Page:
5 A proxy approach for closed-source environments 5.1 Overview . . . . . . . . . . . . . . . . . . . . 5.2 Puppeteer . . . . . . . . . . . . . . . . . . . . 5.3 Measurement methodology . . . . . . . . . . . 5.4 Bene?ts of PowerPoint adaptation . . . . . . . 5.4.1 Loading presentations . . . . . . . . . 5.4.2 Editing presentations . . . . . . . . . . 5.4.3 Background activities . . . . . . . . . . 5.4.4 Autosave . . . . . . . . . . . . . . . . 5.5 Summary . . . . . . . . . . . . . . . . . . . .

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6 System support for energy-aware adaptation 6.1 Goal-directed adaptation . . . . . . . . . . . . . . . . . . . 6.1.1 Design considerations . . . . . . . . . . . . . . . . 6.1.2 Implementation . . . . . . . . . . . . . . . . . . . . 6.1.3 Basic validation . . . . . . . . . . . . . . . . . . . . 6.1.4 Sensitivity to half-life . . . . . . . . . . . . . . . . 6.1.5 Validation with longer duration experiments . . . . . 6.1.6 Overhead . . . . . . . . . . . . . . . . . . . . . . . 6.2 Use of application resource history . . . . . . . . . . . . . . 6.2.1 Bene?ts of application resource history . . . . . . . 6.2.2 Recording application resource history . . . . . . . 6.2.3 Learning from application resource history . . . . . 6.2.4 Using application resource history to evaluate utility 6.2.5 Using application resource history to improve agility 6.2.6 Validation . . . . . . . . . . . . . . . . . . . . . . . 6.3 Summary . . . . . . . . . . . . . . . . . . . . . . . . . . .

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CONTENTS
7 Remote execution 7.1 Target environment . . . . . . . . . . . . . . . . . . 7.2 Design considerations . . . . . . . . . . . . . . . . . 7.2.1 Competing goals for functionality placement 7.2.2 Variation in resource availability . . . . . . . 7.2.3 Self-tuning operation . . . . . . . . . . . . . 7.2.4 Modi?cation to application source code . . . 7.2.5 Granularity of remote execution . . . . . . . 7.2.6 Support for remote ?le access . . . . . . . . 7.3 Implementation . . . . . . . . . . . . . . . . . . . . 7.3.1 Overview . . . . . . . . . . . . . . . . . . . 7.3.2 Application interface . . . . . . . . . . . . . 7.3.3 Architecture . . . . . . . . . . . . . . . . . . 7.3.4 Resource monitors . . . . . . . . . . . . . . 7.3.5 Predicting resource demand . . . . . . . . . 7.3.6 Ensuring data consistency . . . . . . . . . . 7.3.7 Selecting the best option . . . . . . . . . . . 7.3.8 Applications . . . . . . . . . . . . . . . . . 7.4 Validation . . . . . . . . . . . . . . . . . . . . . . . 7.4.1 Speech recognition . . . . . . . . . . . . . . 7.4.2 Document preparation . . . . . . . . . . . . 7.4.3 Natural language translation . . . . . . . . . 7.4.4 Overhead . . . . . . . . . . . . . . . . . . . 7.5 Summary . . . . . . . . . . . . . . . . . . . . . . . Related work 8.1 Energy measurement . . . . . . . . . . . . . . . . . 8.2 Energy management . . . . . . . . . . . . . . . . . 8.2.1 Higher-level energy management . . . . . . 8.2.2 Processor energy management . . . . . . . . 8.2.3 Storage power management . . . . . . . . . 8.2.4 Network power management . . . . . . . . . 8.2.5 Comprehensive power management strategies 8.3 Adaptive resource management . . . . . . . . . . . . 8.4 Remote execution . . . . . . . . . . . . . . . . . . . Conclusion 9.1 Contributions . . . . . . . . . . . . . . . . . . 9.1.1 Conceptual contributions . . . . . . . . 9.1.2 Artifacts . . . . . . . . . . . . . . . . . 9.1.3 Evaluation results . . . . . . . . . . . . 9.2 Future work . . . . . . . . . . . . . . . . . . . 9.2.1 Hybrid energy measurement . . . . . . 9.2.2 Application-aware power management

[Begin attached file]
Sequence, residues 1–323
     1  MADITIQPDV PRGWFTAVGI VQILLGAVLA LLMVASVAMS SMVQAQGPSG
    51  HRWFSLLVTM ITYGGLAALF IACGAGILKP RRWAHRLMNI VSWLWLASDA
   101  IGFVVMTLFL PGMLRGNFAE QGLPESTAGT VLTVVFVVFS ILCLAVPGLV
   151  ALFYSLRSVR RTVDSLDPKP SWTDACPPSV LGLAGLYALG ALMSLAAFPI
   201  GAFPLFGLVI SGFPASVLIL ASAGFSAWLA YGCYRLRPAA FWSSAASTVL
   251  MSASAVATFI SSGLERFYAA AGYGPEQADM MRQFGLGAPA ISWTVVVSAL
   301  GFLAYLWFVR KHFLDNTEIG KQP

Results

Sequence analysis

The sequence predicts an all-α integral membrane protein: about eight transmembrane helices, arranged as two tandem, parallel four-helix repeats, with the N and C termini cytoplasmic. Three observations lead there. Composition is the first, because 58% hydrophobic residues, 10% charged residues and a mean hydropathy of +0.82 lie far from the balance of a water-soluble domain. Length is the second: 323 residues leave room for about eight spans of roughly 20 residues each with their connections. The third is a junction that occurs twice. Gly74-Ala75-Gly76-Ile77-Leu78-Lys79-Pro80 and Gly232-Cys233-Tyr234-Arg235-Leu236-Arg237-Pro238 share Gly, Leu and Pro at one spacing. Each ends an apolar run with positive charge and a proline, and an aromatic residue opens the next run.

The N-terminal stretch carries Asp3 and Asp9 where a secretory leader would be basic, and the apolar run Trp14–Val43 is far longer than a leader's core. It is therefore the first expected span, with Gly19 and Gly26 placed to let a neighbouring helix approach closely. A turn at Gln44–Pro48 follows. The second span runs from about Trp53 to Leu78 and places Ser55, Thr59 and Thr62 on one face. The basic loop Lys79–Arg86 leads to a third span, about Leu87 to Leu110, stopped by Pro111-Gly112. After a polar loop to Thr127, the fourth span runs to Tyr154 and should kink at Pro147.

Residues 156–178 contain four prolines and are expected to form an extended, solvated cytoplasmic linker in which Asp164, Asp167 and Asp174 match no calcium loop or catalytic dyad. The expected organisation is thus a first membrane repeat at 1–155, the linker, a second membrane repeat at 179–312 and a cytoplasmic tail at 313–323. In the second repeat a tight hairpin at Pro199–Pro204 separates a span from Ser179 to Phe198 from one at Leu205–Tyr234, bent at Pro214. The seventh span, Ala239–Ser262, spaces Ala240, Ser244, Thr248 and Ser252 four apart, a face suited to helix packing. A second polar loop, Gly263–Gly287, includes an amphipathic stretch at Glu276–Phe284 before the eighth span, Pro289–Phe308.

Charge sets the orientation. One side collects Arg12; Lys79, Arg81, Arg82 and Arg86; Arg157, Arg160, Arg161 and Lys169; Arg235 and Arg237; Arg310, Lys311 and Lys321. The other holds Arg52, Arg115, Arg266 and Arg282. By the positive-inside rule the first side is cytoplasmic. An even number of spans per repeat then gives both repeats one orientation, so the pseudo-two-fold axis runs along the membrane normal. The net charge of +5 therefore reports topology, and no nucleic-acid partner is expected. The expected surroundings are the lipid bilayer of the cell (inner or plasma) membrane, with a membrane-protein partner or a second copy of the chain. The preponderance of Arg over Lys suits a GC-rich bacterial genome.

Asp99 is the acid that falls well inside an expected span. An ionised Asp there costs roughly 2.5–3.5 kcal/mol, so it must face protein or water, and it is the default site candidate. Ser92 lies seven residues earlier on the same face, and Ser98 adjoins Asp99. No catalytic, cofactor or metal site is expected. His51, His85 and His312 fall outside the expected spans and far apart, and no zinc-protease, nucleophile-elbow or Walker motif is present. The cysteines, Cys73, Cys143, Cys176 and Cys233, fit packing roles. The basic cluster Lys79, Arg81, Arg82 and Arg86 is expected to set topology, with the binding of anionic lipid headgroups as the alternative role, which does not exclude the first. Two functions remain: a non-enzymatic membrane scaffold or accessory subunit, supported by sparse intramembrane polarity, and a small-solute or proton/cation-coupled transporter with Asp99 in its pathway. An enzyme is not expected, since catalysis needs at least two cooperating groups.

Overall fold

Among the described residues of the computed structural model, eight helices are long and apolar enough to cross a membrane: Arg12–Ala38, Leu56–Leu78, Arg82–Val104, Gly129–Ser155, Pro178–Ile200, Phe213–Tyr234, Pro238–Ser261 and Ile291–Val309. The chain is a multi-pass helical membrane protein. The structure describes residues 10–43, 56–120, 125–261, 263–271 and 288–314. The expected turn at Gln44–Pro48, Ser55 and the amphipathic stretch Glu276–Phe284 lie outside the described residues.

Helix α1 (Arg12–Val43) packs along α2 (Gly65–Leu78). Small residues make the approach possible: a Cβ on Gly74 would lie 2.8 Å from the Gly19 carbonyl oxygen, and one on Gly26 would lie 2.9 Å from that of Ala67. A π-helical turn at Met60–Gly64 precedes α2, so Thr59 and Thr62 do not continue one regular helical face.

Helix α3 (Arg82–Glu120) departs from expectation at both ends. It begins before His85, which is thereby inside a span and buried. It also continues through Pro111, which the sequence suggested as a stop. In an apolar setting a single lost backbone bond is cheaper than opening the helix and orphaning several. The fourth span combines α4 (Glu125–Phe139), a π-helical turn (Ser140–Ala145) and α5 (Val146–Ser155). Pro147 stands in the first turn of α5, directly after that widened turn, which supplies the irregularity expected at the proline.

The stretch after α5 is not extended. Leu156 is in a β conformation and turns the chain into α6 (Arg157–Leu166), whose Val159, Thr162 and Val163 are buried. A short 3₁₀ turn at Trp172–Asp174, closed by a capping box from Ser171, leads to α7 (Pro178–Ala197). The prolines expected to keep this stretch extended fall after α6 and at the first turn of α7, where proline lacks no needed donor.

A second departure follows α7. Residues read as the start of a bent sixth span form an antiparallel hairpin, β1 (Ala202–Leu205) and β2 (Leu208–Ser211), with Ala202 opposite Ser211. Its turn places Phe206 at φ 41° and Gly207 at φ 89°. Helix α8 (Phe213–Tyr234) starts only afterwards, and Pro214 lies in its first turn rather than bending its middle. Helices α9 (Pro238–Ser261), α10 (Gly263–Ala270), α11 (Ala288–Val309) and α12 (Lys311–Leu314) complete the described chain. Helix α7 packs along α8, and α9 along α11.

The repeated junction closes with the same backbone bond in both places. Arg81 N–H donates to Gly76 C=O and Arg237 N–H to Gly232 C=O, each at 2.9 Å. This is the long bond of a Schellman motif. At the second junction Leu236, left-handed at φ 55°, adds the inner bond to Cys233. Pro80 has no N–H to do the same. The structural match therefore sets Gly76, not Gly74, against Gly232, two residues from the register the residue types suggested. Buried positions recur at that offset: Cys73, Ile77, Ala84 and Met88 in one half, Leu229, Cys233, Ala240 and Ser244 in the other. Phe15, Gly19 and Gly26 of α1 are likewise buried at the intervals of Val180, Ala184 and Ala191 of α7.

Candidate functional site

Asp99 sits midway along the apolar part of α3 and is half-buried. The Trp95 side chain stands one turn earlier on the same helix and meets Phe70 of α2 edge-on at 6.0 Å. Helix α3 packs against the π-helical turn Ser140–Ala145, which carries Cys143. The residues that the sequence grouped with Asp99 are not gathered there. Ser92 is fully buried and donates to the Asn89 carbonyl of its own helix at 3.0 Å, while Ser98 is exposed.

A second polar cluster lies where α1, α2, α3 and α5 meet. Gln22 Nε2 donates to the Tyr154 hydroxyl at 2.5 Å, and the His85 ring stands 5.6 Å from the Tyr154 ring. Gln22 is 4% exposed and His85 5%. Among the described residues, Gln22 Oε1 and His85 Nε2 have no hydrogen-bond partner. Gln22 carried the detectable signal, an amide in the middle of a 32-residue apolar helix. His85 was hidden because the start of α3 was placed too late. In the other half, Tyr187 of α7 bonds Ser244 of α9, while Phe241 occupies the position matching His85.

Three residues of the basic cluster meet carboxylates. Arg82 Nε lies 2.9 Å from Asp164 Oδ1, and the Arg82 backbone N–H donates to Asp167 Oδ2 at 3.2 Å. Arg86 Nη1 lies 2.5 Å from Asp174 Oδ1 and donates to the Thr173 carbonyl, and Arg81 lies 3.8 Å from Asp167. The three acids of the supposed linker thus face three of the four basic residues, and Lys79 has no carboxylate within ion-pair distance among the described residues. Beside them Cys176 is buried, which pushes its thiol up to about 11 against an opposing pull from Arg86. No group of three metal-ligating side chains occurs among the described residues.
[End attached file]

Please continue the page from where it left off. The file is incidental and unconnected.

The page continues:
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x 9.2.3 Support for adaptation in closed-source environments . 9.2.4 Extensions to Spectra . . . . . . . . . . . . . . . . . . 9.2.5 Proactive service management . . . . . . . . . . . . . Closing remarks . . . . . . . . . . . . . . . . . . . . . . . . . . . . . . . . .

CONTENTS
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9.3

List of Figures
2.1 2.2 2.3 2.4 3.1 3.2 3.3 3.4 3.5 3.6 3.7 4.1 4.2 4.3 4.4 4.5 4.6 4.7 4.8 4.9 4.10 4.11 4.12 4.13 4.14 4.15 4.16 4.17 4.18 4.19 4.20 Power consumption of the IBM ThinkPad 560X Power consumption of the Itsy v1.5 . . . . . . Models of adaptation . . . . . . . . . . . . . . Odyssey architecture . . . . . . . . . . . . . . PowerScope architecture . . . . . . . . . PowerScope API . . . . . . . . . . . . . Sample energy pro?le . . . . . . . . . . . PowerScope accuracy . . . . . . . . . . . Effect of variation in the sample frequency PowerScope CPU overhead . . . . . . . . PowerScope energy overhead . . . . . . . . . . . . . . . . . . . . . . . . . . . . . . . . . . . . . . . . . . . . . . . . . . . . . . . . . . . . . . . . . . . . . . . . . . . . . . . . . . . . . . . . . . . . . . . . . . . . . . . . . . . . . . . . . . . . . . . . . . . . . . . . . . . . . . . . . . . . . . . . . . . . . . . . . . . . . . . . . . . . . . . . . . . . . . . . . . . . . . . . . . . . . . . . . . . . . . . . . . . . . . . . . . . . . . . . . . . . . . . . . . . . . . . . . . . . . . . . . . . . . . . . . . . . . . . . . . . . . . . . . . . . . . . . . . . . . . . . . . . 8 . 9 . 10 . 12 . . . . . . . . . . . . . . . . . . . . . . . . . . . 17 19 22 24 26 27 28 34 35 36 37 38 39 41 42 43 44 45 46 47 48 49 50 51 52 53 54